Hawaii economic forecast darkens, rapid recovery looks unlikely


Hawaii University of Credit Economic Research Organization

A graph from UHERO shows the magnitude of the increase in jobless claims in just a few weeks.

Update: 03/31/20, 10:42 a.m.

It’s been less than a week since a statewide stay-at-home order largely shut down Hawaii’s economy in a bid to contain the coronavirus. The latest economic projections indicate that the restart of activity will take much longer.

Economists across the country, and here in Hawaii, initially hoped for a sharp but short-lived drop in economic activity that would be followed by a rapid return to normal once the pandemic subsides, the so-called “V-shaped recovery”.

University of Hawaii economist Carl Bonham told a State House committee on Monday that it now seemed unlikely.

“We know Hawaii is already in a deep recession. This recession will overtake anything we have seen in our lifetime, ”Bonham told lawmakers and business leaders.

He went on to say that it now looks like the eventual recovery will not be the quick one his fellow economists once hoped for.

“Even if the health crisis subsides, even if it passes quickly, it will take a long period of time to return to previous economic levels.”

Bonham has repeatedly said that the eventual recovery is very uncertain and highly dependent on the time needed to contain the COVID-19 coronavirus.


Credit Hawaii Department of Business, Economics, Development and Tourism

Daily passenger data from DBEDT shows visitor arrivals to Hawaii are close to zero.

However, the latest forecast from the University of Hawaii’s Economic Research Organization, headed by Bonham, is striking – not least for how much worse it is than previous estimates.

Less than a month ago, members of the State Revenue Council, which generates forecasts of state tax revenue, said their estimate of 0% revenue growth for the second semester 2020 was cautious.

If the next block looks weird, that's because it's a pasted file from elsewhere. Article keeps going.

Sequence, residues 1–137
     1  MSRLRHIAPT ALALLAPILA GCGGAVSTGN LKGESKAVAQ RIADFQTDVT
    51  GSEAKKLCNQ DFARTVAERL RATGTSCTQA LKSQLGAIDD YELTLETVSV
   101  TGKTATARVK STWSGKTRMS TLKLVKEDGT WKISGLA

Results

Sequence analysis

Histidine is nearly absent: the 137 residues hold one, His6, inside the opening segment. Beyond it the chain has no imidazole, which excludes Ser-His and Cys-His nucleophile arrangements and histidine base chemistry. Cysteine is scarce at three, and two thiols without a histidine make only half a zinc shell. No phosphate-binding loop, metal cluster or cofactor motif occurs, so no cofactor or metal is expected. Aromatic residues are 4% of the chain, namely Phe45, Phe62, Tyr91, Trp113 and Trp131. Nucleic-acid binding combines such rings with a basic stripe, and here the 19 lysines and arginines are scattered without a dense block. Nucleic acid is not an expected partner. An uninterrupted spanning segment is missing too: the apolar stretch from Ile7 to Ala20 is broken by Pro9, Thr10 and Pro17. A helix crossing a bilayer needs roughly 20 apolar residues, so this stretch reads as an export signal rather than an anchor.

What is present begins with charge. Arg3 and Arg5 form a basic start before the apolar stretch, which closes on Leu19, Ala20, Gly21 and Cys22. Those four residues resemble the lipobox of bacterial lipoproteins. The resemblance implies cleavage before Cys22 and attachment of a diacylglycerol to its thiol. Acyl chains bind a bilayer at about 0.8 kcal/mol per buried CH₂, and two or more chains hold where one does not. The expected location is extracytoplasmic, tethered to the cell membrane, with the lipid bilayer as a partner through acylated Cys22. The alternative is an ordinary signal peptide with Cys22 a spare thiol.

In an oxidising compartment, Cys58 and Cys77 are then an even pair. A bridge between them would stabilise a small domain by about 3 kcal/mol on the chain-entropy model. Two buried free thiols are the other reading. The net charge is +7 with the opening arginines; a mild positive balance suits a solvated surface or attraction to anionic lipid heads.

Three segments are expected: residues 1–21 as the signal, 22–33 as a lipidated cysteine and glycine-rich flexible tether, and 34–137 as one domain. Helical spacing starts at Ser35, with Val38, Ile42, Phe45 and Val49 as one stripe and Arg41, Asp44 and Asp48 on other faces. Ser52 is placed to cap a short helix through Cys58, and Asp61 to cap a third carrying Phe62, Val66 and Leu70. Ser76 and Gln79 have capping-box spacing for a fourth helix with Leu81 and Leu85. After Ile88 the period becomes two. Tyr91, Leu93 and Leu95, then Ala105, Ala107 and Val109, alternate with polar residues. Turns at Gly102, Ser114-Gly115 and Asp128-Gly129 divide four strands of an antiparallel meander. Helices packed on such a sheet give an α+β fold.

On Monday, Bonham said the state could see a 10% drop in tax revenue at the bottom of the scale, but as much as 25%.

Visitor arrivals, which drive Hawaii’s economy, could fall by more than 40% in 2020 compared to last year. Data from the State Department of Business Economic Development and Tourism already shows that visitors have fell to almost nothing.

Local unemployment, according to UHERO, could reach 25% for the second quarter alone (April to June) and nearly 14% for the year statewide. The statewide average unemployment rate during the Great Recession was 7%, according to the Hawaii Budget and Policy Centerr.

But there is a small ray of hope, to use Bonham’s description.

The massive $ 2 trillion bailout package adopted by the federal government will secure the wages of many workers who lose their jobs. Given this assistance, income levels are only expected to decline by less than 5% by the end of 2020.

You will find details on the Coronavirus Aid, Relief and Economic Security Act (CARES) here.


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